TV licence: A huge risk of backlash but Government have no choice

TV licence: A huge risk of backlash but Government have no choice

There is a well known approach to delaying something, frequently employed in politics, known as “kicking the can down the road”.

A greatly enhanced version of this was used recently when Communications Minister Richard Bruton announced the traditional TV licence fee would be replaced, but not until five years time.

Considering that Mr Bruton will be 67 early next year, it is possible he has kicked this particular can so hard and so far that he will actually be retired from politics before that particular section of the road is ever reached.

There are all sorts of reasons for this particular can-kicking approach — the political unpopularity of such a move, an upcoming general election, Fine Gael not really appearing to give much of a toss about public service broadcasting, and wanting to keep RTÉ in its place among them.

It is a disappointment and a real worry that Fine Gael has been in power now for eight years and has failed to do anything about the serious financial problems at the public service broadcaster. The TV licence fee has remained at an annual fee of €160 since 2008. Now it looks set to remain as is for 16 years.

Speaking to RTÉ’s Morning Ireland on the day of the announcement, the minister gave an interesting defence of the Government inaction on the licence fee over those many years when he said: “This system has been in place for far longer than eight years. It’s in place since I was a boy.”

Essentially what Mr Bruton explained is that the Government will put out to tender the TV licence fee collection, currently held by An Post. Under measures contained in the new Broadcasting Bill, which arose from recommendations of the Working Group on the Future Funding of Public Service Broadcasting, a five-year contract will be awarded. Once that time has elapsed, a new “device-independent broadcasting charge” will be introduced, intended to charge every household. This will be regardless of whether there is a TV set, laptop, iPad, mobile phone, or whatever else exists by then, or not.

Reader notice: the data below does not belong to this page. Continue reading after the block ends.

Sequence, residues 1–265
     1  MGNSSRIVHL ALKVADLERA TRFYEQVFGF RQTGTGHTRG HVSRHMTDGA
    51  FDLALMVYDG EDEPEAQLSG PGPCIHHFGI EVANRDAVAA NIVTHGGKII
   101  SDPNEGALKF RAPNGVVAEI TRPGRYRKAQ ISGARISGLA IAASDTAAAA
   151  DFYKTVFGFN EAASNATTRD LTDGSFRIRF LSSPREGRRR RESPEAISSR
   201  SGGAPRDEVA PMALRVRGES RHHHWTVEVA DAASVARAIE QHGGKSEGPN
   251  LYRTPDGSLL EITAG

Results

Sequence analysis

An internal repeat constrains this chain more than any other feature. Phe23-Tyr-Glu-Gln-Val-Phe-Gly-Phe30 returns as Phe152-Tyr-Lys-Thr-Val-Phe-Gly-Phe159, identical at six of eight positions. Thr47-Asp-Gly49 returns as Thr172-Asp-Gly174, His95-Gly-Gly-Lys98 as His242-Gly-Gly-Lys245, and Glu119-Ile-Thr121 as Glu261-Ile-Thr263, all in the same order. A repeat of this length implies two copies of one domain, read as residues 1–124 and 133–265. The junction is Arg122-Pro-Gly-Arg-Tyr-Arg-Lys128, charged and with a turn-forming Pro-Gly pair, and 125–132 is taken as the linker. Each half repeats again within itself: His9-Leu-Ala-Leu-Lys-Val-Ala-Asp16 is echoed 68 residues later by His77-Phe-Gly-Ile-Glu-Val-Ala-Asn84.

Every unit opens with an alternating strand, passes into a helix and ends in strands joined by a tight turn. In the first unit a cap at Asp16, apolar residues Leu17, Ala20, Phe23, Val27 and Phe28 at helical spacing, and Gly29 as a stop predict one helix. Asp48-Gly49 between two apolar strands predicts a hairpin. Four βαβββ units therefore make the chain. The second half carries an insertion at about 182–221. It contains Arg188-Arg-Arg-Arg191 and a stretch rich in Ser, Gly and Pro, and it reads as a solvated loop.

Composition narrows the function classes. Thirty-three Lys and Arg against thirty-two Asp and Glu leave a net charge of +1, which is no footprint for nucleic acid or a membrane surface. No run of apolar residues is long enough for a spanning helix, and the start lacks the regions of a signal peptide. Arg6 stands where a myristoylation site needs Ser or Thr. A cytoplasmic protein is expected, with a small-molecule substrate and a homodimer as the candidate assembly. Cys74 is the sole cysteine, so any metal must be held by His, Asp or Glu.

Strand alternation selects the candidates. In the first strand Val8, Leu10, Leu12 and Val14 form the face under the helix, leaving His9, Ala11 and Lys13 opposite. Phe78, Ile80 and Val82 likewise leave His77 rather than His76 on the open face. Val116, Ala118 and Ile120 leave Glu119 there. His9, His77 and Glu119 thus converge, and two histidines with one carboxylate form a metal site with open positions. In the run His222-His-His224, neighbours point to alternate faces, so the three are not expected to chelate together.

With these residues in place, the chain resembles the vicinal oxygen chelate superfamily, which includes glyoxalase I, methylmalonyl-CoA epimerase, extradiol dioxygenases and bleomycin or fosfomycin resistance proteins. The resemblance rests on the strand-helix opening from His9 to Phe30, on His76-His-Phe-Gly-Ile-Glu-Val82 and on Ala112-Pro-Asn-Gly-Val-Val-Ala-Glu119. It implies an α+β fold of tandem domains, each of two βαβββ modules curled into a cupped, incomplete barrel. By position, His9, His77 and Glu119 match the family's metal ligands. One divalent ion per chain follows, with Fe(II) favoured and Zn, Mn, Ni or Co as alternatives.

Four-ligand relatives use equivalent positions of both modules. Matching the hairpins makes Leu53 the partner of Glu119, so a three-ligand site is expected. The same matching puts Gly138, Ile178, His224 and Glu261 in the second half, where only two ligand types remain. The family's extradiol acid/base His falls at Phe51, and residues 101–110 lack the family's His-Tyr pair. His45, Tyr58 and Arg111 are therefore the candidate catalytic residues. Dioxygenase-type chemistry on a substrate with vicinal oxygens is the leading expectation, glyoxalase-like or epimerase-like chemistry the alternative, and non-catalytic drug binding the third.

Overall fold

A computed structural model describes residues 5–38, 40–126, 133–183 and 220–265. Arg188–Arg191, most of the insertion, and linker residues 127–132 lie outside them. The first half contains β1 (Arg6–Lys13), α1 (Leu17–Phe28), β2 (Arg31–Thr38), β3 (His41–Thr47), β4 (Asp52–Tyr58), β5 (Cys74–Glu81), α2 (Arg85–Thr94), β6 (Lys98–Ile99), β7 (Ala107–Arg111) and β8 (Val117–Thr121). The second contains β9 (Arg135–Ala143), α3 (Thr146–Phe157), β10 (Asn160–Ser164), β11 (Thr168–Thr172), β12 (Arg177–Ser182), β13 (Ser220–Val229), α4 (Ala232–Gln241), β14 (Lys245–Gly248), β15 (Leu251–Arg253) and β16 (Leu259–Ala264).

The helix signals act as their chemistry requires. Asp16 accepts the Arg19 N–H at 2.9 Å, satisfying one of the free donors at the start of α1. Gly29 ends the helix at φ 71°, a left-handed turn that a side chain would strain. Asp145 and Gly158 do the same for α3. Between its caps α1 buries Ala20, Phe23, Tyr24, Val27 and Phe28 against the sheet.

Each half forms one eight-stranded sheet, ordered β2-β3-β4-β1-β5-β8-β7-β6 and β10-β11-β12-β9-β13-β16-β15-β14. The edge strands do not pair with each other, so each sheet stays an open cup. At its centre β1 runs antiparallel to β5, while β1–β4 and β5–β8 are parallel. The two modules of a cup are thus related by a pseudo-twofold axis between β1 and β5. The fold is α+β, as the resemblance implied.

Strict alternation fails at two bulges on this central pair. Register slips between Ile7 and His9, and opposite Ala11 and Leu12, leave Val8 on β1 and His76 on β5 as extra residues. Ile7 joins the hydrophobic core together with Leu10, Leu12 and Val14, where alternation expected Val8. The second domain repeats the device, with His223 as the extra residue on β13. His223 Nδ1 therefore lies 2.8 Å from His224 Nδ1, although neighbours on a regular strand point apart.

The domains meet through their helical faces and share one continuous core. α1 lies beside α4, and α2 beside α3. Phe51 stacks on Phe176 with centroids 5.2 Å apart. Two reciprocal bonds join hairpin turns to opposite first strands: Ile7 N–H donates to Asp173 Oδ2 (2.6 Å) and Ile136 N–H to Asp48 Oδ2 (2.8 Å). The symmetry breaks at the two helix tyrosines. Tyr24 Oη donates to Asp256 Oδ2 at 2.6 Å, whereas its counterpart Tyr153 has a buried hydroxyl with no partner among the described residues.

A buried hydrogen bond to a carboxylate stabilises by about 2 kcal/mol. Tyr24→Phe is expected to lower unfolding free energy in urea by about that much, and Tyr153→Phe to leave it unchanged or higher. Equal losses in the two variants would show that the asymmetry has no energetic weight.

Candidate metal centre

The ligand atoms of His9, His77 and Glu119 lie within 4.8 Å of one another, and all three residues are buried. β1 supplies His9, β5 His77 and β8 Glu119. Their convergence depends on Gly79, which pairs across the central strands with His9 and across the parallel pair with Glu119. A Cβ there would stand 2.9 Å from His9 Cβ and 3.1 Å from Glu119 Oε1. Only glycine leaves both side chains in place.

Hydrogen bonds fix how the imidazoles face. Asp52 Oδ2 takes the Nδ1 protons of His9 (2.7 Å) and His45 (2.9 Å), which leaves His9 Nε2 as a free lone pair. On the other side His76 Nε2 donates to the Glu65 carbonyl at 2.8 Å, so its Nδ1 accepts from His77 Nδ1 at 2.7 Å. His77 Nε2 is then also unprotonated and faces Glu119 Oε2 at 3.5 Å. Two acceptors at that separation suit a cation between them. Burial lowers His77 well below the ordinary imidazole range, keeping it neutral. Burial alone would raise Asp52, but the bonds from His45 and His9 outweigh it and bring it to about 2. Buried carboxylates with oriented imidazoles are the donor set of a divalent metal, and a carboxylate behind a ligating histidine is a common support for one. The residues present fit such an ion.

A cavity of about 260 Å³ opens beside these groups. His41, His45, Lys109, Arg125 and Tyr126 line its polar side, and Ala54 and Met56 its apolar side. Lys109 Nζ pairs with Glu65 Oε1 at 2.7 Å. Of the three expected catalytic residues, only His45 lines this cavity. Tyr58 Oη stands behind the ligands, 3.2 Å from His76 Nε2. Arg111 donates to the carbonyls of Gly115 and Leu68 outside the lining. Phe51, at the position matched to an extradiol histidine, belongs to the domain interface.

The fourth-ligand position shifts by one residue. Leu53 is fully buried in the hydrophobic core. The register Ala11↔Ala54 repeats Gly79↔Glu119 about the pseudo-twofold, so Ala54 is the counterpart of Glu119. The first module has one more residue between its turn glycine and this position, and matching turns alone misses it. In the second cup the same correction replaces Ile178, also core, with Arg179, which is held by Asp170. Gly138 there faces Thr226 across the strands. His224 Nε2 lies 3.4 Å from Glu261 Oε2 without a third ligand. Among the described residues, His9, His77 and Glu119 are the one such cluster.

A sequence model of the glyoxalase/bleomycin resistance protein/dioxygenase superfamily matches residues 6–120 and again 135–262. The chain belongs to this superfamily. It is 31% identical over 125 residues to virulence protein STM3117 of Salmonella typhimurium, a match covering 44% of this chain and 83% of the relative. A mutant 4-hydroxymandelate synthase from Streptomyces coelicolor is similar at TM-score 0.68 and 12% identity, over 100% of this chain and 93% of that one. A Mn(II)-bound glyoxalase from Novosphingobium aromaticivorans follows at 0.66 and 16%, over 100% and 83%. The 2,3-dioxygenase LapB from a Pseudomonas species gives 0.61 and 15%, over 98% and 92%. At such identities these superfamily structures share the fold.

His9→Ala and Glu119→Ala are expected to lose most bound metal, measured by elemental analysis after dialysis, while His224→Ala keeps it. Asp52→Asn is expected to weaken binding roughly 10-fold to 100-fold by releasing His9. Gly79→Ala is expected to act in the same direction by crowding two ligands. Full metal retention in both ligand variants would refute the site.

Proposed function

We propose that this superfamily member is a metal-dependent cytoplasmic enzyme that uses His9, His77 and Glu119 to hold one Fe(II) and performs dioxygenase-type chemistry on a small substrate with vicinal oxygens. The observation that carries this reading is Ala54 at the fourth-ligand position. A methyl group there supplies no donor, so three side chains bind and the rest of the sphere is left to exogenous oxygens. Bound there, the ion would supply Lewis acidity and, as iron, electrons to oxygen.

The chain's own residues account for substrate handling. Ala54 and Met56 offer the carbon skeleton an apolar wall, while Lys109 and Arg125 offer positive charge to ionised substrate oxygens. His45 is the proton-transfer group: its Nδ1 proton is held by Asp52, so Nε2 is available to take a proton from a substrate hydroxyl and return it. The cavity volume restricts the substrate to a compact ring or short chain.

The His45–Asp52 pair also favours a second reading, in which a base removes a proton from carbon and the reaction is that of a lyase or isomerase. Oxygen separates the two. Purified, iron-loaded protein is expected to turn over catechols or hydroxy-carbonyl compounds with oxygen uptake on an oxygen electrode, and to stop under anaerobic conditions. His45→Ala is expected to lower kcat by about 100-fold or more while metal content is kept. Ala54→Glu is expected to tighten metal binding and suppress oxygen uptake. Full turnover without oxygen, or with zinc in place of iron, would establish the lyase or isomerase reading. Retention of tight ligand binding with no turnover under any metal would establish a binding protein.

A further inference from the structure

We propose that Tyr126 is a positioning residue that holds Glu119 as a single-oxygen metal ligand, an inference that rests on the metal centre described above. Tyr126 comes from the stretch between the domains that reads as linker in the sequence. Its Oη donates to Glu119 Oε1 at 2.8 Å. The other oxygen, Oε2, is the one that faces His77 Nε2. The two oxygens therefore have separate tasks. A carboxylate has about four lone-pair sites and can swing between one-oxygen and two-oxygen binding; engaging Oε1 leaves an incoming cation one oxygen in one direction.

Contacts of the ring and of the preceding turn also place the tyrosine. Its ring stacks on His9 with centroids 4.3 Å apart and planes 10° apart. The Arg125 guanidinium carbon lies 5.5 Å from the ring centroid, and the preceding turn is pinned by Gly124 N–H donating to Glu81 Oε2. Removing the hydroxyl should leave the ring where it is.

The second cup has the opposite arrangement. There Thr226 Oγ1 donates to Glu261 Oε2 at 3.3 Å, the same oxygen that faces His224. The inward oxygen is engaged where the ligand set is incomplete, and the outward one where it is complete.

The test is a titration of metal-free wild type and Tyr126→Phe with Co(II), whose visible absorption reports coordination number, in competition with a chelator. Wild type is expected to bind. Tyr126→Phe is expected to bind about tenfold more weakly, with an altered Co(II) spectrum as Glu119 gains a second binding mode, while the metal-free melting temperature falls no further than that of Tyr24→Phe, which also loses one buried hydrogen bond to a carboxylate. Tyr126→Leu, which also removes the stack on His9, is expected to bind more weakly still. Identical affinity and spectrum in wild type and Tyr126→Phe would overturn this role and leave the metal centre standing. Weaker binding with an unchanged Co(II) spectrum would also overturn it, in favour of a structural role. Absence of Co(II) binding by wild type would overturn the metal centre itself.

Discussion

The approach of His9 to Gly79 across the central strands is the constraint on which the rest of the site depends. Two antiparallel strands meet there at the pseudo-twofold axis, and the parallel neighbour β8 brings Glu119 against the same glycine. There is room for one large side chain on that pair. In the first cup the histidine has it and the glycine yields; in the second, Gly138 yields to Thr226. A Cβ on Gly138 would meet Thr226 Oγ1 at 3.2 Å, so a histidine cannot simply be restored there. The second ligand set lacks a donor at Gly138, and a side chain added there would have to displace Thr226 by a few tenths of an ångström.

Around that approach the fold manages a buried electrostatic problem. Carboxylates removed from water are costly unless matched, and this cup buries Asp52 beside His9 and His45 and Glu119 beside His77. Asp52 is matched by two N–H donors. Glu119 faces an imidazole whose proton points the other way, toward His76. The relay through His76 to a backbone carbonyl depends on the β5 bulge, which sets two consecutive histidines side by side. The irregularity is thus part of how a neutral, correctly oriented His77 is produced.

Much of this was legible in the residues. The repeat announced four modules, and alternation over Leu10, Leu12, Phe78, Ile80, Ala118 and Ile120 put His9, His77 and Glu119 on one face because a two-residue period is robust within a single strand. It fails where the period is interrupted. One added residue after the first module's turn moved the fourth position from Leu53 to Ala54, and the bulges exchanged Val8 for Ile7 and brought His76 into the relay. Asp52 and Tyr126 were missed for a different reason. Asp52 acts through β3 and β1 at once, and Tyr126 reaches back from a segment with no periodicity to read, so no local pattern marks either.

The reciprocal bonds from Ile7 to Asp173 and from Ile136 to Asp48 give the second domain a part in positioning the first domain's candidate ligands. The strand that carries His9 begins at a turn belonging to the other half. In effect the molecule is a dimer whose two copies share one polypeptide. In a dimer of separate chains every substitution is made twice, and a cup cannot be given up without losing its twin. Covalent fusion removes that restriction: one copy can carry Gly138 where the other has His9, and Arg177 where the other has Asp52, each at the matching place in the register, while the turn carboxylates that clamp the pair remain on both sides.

It is a tough job to come up with a new system that is effective and covers all angles, but it must be done; this charge is absolutely necessary if we want to keep Irish audio-visual production alive.

At the time of the announcement, Mr Bruton said this would future-proof the funding model, taking account of changes in technology and in how content is now consumed. Actually, technology is changing so much, so fast, that, in all probability, the landscape will be unrecognisable in five years time anyway.

His deciding on such a lengthy delay does not make things easier, and finding a solution will certainly not take that length of time. RTÉ, under current circumstances, and the timings proposed, would be long gone or changed beyond recognition. There is a fear among senior management that the station, with its dwindling commercial revenues could actually run out of cash by next year. In 2018, the station recorded a loss of €13m. The Broadcasting Authority of Ireland (BAI) has recommended that it should get a €30m increase in funding.